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Better prices push up value of metal production even as volumes drop

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Major miners now await Malacañang's final say on moves to lift a seven-month old ban on open-pit mining.

VALUE of metallic mineral output in the country rose in the nine months to September, driven primarily by an increase in world prices of copper, nickel and silver, according to a press release of the Mines and Geosciences Bureau (MGB) on Tuesday.

With the sole exception of mixed nickel-cobalt sulfide, however, output of all other metals dropped in terms of volume in the same period.

Total value of metallic mineral production increased by 6.06% to P81.475 billion as of September from the P76.82 billion recorded in 2016’s comparable nine months on the back of “more favorable metal price levels during the period.” Monthly and quarterly data were not immediately available as of yesterday afternoon.

The report noted that the nine-month average price of gold — which accounted for 42% of total production value — dropped to $1,251.72 per troy ounce (/t oz) from $1,256.71/t oz, while that of direct shipping nickel ore and mixed nickel-cobalt sulfide — which together accounted for 40% — went up to $4.49 per pound (/lb) from $4.17/lb.

The price of copper, which accounted for 17% of total output value, similarly increased to $2.60/lb from $2.14/lb, while that of silver — which together with chromite accounted for just one percent — improved to $17.17/t oz from $17.05/t oz in the same comparable periods.

The statement said that “[t]he encouraging price gain” of base metals like copper and nickel “was primarily due to the increased metal demand of China” — particularly “for its infrastructure, automotive and construction sectors” — leading “to a tighter metals supply in the world market.”

“China remains… the major market of the Philippines for nickel ores,” MGB said in its statement, while “for copper and gold exports, the country’s primary partners were Japan and Switzerland, respectively.”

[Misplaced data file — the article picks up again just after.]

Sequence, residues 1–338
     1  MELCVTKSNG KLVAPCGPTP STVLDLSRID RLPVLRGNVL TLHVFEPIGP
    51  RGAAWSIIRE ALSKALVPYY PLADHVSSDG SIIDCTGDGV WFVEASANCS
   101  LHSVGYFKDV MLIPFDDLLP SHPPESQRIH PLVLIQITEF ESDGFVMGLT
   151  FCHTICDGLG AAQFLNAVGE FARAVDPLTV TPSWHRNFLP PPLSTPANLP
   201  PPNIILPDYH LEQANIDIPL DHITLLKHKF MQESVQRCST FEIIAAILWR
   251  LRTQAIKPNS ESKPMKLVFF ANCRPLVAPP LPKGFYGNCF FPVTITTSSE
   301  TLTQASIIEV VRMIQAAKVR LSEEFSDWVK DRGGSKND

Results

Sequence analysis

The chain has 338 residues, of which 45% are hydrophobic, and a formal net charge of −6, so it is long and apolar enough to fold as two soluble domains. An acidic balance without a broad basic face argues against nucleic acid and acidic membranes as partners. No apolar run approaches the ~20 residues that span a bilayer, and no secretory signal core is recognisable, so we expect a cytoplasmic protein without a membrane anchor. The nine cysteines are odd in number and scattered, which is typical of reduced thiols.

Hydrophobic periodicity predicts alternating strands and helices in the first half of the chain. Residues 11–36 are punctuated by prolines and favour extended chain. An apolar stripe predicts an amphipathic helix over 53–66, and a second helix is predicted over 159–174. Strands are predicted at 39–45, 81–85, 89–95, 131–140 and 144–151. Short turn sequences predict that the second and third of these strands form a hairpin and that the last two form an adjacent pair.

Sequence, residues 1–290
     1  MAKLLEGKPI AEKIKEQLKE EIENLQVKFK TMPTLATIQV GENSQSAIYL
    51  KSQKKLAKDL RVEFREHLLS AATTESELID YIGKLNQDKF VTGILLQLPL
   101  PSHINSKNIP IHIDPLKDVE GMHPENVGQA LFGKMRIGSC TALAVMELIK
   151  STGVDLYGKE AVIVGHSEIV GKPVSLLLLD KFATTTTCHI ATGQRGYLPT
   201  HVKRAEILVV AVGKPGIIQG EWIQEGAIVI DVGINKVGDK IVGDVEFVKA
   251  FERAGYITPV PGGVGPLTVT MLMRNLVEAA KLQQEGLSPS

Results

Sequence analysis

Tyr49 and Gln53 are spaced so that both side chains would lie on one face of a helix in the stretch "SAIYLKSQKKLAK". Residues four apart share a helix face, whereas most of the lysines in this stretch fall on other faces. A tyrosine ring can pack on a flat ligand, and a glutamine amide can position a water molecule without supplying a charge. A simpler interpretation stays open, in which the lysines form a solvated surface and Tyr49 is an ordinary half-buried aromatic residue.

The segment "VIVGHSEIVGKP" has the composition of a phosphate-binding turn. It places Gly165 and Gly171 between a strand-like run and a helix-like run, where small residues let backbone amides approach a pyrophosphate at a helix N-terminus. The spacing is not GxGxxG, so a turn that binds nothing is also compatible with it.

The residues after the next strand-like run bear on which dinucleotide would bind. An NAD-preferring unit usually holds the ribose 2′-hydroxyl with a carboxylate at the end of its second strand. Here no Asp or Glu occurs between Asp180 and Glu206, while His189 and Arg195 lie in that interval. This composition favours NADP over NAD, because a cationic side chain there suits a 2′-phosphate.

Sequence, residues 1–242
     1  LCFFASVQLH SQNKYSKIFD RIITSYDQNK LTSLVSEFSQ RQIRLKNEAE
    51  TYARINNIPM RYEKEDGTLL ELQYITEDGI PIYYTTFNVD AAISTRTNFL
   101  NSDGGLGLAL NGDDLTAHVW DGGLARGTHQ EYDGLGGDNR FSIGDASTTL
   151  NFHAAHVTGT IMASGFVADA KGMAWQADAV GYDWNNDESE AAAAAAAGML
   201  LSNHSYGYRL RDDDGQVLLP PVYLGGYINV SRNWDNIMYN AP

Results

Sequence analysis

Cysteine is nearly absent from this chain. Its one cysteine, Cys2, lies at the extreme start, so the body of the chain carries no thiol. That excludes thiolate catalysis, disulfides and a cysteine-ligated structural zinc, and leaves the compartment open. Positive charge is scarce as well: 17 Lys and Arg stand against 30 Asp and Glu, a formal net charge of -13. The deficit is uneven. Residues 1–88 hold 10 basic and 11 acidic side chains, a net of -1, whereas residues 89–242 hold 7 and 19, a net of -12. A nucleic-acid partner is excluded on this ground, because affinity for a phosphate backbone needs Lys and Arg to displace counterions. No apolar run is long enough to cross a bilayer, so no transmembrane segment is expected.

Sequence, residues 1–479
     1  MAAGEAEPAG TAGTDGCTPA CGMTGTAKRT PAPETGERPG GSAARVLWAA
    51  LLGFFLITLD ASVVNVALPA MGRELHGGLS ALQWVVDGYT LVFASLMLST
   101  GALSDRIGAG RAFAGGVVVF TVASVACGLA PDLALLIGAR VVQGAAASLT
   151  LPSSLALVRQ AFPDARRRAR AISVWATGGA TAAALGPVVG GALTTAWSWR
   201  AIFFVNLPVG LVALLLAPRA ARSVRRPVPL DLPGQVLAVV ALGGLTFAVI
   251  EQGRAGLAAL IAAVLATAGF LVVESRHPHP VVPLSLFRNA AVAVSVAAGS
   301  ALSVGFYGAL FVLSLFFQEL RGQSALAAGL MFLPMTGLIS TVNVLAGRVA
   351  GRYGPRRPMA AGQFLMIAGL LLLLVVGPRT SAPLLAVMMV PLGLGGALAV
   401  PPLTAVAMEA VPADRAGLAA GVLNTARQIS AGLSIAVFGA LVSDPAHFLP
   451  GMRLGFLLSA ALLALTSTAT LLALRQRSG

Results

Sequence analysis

Only mixed nickel-cobalt sulfide — a raw material for products like electrolytic nickel, which is used as an undercoat for decorative chrome plating, among others — saw both value and volume rise year-on-year: by 15% to 68,413 dry metric tons (DMT) and by 36% to P14.786 billion.

MGB noted that “mine output was generally sluggish during the period, as most commodities reported production shortfalls.”

Gold saw volume drop three percent to 16,999 kilograms (kg) even as value edged up by one percent to P33.814 billion.

Silver dropped both in volume and value terms: by 11% to 23,951 kg and by eight percent to P659.963 million.

Copper concentrate contracted by 19% to 210,428 DMT even as value rose by five percent to P14.007 billion.

Nickel direct shipping ore saw volume drop 11% to 19.01 million DMT and value of production stayed relatively flat at P18.101 billion.

Finally, chromite saw volume fall by 47% to 13,694 DMT and value drop 41% to P107.369 million.

As of last year, the Philippines was estimated to have reserves consisting of 1.854 billion MT of gold, 1.696 billion MT of silver, 1.761 billion MT of copper, 116.136 million MT of nickel, 116.001 million MT of iron and 47.264 million MT of chromite, MGB said in its statement. — with A. G. A. Mogato

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